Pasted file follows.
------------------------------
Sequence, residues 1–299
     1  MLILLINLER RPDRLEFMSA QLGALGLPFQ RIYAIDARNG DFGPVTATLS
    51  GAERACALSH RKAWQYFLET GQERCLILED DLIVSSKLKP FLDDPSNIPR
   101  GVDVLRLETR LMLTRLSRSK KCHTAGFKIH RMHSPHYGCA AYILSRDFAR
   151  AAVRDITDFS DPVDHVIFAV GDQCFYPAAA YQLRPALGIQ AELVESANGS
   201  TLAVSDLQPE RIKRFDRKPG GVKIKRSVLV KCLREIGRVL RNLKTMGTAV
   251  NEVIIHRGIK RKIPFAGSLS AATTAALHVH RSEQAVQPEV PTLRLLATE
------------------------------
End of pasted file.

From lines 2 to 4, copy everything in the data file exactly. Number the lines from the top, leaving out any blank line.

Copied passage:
     1  MLILLINLER RPDRLEFMSA QLGALGLPFQ RIYAIDARNG DFGPVTATLS
    51  GAERACALSH RKAWQYFLET GQERCLILED DLIVSSKLKP FLDDPSNIPR
   101  GVDVLRLETR LMLTRLSRSK KCHTAGFKIH RMHSPHYGCA AYILSRDFAR